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Why eating dessert first helps me eat healthier

Time to break out the cookies, doughnuts and cupcakes.
/ Source: TODAY

Growing up in the Milloy household, my dad would cook us breakfast every morning — eggs, sausage and toast. My mom was in charge of dinners and would whip up pork chops with green beans or chicken adobo and rice. No matter the meal, there was always dessert! But only AFTER you finished your meal.

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Brandi Milloy making brownie bottom peanut butter pie on TODAY
Brandi Milloy makes brownie bottom peanut butter pie on TODAY.Samantha Okazaki / TODAY

My dad served in the US Army and when we were stationed in Germany, we learned the European way of eating: dessert first. Throughout Europe it’s common for a meal to begin with a fruit tart or pastry. I was certainly on board with this plan as a kid, for obvious reasons, but as an adult, I have adapted it into my life as an important eating strategy.

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I believe in not depriving myself of sweets, and eating dessert first has kept me from feeling the need to “lick my plate clean” in order to get the “reward” at the end of the meal. I never understood why dessert had to be a prize for eating all of your food. When I was young, it meant eating more than I wanted to (or should have) just so I could get the cookie at the end. It led to a horrible habit of me sneaking sweets behind my parents’ back and daydreaming about cupcakes and Pop Tarts so much that I would spend most of my allowance on sweets.

These days, I eat dessert first whenever I can — it really does make me eat less at dinner and helps me with portion control, which can’t be a bad thing, right? It eliminates this stressed-out feeling that I have to hurry up and eat my meal so I can order something sweet. I also don’t attach any rules to the dessert I eat. A lot of people only “allow themselves” to eat dessert if they worked out, didn’t eat dessert the day before, have a reason to celebrate, whatever fill-in-the-blank reason. It’s depressing!

Now, some may say that I don’t get it because I’m blessed with my mother’s metabolism — but that’s not it at all. Food is a vehicle, a connector between cultures and people. Dessert falls under that category. I’m not saying I eat an entire cake before my meal. I don’t eat dessert to fill up; that would be a disservice to my body and my health. When I choose to eat dessert first, I can actually better enjoy my entrée. And if I don’t finish my food, it doesn’t go to waste. I love leftovers!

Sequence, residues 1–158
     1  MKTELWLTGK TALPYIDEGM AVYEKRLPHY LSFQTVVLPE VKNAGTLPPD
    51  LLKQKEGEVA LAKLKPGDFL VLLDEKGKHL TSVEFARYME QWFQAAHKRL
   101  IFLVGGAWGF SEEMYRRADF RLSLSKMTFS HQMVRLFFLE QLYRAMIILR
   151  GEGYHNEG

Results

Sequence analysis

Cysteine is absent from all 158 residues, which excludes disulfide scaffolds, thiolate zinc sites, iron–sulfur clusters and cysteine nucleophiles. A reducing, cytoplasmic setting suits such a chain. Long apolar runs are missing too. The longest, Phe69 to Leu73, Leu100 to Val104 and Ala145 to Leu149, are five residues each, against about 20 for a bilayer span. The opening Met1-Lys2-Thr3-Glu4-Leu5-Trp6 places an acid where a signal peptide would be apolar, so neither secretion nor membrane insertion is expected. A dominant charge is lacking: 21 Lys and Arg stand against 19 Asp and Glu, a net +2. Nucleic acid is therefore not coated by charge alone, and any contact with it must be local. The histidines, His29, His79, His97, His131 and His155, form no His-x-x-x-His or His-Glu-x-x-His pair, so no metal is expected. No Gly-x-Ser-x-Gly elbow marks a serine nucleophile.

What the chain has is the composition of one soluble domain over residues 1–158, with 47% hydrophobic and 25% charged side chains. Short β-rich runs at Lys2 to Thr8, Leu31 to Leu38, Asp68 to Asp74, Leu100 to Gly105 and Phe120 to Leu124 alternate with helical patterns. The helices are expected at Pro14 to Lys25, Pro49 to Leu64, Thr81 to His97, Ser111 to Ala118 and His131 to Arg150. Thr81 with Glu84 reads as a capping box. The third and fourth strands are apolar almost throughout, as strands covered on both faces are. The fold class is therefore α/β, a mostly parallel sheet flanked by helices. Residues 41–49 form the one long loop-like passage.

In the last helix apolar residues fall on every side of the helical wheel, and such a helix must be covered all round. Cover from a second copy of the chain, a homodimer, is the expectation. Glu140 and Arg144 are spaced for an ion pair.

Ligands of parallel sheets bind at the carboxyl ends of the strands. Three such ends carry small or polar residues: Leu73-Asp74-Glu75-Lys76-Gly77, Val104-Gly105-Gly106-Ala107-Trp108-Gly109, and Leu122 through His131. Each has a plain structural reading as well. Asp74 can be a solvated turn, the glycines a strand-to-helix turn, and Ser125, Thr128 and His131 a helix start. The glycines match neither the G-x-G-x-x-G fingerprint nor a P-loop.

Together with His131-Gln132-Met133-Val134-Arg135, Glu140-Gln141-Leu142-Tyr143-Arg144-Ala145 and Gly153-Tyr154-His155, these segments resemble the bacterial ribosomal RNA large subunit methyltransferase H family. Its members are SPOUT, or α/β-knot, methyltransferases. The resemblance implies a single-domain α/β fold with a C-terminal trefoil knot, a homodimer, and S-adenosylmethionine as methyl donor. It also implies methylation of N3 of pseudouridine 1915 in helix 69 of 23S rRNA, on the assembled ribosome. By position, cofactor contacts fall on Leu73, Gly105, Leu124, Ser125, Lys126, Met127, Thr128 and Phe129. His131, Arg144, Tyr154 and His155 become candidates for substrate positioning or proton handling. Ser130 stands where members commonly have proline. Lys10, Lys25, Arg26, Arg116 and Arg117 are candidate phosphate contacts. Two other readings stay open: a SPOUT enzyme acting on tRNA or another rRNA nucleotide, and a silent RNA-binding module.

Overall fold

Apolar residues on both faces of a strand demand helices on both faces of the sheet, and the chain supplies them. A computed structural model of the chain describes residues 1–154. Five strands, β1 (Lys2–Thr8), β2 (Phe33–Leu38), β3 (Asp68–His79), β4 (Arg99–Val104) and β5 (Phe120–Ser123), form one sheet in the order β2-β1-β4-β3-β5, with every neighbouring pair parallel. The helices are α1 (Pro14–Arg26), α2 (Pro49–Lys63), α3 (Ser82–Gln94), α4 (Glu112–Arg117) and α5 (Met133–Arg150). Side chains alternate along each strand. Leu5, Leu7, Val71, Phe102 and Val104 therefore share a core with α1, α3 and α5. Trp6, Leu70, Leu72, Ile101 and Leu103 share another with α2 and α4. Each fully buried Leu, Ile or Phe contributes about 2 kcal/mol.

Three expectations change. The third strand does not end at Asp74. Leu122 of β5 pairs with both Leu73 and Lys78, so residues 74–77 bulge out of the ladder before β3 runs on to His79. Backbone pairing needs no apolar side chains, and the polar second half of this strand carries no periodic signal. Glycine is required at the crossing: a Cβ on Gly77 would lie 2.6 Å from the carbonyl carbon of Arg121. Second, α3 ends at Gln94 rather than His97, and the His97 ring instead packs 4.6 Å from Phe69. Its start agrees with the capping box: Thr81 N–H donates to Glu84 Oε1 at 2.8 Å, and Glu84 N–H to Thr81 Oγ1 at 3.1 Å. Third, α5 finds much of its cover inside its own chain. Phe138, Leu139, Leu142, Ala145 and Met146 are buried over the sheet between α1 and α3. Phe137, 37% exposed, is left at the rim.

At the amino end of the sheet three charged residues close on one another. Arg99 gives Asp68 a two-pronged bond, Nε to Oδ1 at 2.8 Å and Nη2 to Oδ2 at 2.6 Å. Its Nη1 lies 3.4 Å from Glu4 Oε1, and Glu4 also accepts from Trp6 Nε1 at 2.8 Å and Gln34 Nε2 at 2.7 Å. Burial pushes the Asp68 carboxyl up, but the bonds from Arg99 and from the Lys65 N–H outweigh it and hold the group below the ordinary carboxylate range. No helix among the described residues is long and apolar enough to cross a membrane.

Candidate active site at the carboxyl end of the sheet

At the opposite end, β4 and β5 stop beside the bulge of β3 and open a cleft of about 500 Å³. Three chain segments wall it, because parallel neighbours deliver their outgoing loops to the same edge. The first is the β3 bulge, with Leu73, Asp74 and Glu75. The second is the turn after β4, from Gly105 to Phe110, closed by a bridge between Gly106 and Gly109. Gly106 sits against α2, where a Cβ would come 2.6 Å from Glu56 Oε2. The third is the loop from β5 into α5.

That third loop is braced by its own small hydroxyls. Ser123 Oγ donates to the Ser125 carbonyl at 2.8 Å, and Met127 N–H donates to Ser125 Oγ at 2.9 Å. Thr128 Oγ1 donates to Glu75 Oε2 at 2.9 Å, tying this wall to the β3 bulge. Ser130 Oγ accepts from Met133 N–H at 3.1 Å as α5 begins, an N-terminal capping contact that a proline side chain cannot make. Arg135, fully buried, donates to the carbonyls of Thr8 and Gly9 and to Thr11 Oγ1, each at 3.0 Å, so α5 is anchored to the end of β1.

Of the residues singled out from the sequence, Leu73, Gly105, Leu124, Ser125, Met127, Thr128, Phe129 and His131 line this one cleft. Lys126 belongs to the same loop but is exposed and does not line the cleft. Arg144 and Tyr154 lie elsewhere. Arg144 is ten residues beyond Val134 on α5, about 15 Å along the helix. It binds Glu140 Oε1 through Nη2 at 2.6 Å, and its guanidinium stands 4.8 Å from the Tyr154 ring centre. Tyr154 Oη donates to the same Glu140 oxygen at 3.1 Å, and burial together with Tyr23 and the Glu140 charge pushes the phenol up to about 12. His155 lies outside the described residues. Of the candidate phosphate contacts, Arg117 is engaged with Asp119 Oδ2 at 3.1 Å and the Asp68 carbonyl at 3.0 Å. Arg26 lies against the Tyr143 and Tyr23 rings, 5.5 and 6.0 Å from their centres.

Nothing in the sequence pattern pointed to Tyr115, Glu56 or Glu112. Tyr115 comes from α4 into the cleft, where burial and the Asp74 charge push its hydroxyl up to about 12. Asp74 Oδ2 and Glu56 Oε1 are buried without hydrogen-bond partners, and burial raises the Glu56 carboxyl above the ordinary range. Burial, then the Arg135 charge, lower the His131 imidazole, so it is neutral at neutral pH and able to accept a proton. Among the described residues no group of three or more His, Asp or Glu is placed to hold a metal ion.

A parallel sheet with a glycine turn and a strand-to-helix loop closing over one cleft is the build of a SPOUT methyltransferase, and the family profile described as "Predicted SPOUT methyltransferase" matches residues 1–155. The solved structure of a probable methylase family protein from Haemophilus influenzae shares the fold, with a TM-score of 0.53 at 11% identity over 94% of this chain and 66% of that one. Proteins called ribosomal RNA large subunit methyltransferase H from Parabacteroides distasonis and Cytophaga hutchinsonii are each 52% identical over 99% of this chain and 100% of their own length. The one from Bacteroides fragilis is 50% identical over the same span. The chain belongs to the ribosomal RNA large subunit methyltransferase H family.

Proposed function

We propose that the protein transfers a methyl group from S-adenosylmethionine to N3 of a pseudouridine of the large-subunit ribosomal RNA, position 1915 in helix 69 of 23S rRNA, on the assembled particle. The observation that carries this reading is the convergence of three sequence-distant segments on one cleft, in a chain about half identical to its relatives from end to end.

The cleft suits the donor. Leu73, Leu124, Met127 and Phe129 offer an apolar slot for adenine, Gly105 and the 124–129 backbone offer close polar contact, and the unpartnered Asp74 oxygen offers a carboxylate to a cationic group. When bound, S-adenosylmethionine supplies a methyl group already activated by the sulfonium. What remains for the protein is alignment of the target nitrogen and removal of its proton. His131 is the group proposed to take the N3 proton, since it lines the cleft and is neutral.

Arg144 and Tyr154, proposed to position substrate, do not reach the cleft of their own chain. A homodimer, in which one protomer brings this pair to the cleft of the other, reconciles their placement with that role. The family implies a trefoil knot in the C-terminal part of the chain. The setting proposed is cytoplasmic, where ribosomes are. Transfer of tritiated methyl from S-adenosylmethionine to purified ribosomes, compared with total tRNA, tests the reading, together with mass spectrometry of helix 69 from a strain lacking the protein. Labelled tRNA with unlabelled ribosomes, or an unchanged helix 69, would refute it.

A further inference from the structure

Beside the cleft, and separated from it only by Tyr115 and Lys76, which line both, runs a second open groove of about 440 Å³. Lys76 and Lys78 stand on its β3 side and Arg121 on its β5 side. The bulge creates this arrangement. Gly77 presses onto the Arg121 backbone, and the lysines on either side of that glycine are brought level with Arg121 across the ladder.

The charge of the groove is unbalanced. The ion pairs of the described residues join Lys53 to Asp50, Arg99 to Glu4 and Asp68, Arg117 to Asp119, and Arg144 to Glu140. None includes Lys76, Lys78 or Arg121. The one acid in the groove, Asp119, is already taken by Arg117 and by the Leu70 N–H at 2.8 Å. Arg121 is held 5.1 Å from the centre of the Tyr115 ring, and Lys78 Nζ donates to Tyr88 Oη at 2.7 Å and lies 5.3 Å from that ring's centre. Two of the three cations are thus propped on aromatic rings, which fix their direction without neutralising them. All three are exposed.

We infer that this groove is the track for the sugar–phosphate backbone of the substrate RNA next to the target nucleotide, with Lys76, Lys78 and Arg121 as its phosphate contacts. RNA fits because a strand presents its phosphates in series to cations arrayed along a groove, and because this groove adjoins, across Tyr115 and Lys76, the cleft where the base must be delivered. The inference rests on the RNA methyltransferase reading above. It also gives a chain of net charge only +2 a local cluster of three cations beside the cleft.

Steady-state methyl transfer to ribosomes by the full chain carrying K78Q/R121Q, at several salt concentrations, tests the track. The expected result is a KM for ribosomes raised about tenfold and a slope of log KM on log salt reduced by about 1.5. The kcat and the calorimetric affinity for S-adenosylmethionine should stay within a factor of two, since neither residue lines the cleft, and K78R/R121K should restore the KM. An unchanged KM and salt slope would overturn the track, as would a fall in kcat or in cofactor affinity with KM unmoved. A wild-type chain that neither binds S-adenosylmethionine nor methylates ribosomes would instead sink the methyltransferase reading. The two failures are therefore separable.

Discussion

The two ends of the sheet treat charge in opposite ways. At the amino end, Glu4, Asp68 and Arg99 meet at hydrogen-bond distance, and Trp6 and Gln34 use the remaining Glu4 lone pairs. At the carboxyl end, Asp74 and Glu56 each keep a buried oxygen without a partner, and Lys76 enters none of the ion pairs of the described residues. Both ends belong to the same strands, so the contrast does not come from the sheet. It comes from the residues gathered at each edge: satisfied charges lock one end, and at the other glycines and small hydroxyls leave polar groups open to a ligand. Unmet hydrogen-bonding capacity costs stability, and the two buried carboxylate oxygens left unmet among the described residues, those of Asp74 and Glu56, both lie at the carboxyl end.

Brandi Milloy
Nicole Iizuka / PopSugar Food

I have noticed how eating dessert first has adjusted some of my eating behaviors. I asked some medical experts to see if I am on to something.

Clinical nutritionist and personal trainer Jennifer Cassetta says that eating dessert before dinner depends on the kind of dessert.

“It's not a good idea if you are eating something mostly made of pure sugar (like candy). The reason is, it will spike your blood sugar rapidly, which then spikes insulin levels and over time this pattern can set one up for insulin resistance which is the first step in developing type-2 diabetes,” she explained. “However, eating a dessert with a higher fat and/or protein content (like ice cream or avocado-based chocolate pudding) will help lower the glycemic load of the meal and make you feel more satiated and therefore, you’ll probably eat a smaller dinner.”

Dr. Zelana Montminy, author of “21 Days to Resilience,” agrees. “When I do eat sweets I often eat my dessert or fruit before meals. I wait a little while in between, before enjoying my meal, but I find it to be more satisfying to eat sweets before. I can enjoy them more thoroughly if I'm not tainted with savory flavors to start! “

She points to a 2014 study from Imperial College London that suggests eating starchy foods first (foods rich in glucose a.k.a. carbs) can help you feel full faster and avoid overeating. A carb-rich dessert could play the same roll. But as with all things, moderation is key.

“It is important to be mindful and listen to our bodies in order to establish healthy eating habits,” said Dr. Shamsah Amersi, a Santa Monica, California gynecologist. “The world is full of candy, cookies and dessert. Learning how to incorporate small servings of these treats into a balanced diet without binging or overeating is an essential life skill.”

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Frankly, my choice to eat dessert first has brought a lot of joy into my life. This doesn’t mean that I am reckless and eat an entire box of Oreos. No, you’re no longer appreciating the food when you eat it without intention, without appreciating the work that went into it and savoring the flavors. But when I am craving ice cream, I have ice cream. I might not finish the whole cone but I will have enough to satisfy my sweet tooth. And obviously, I’ll make sure to snap an Instagram pic! #BrandisBites #EatDessertFirst.

This article was originally published on August 3, 2016.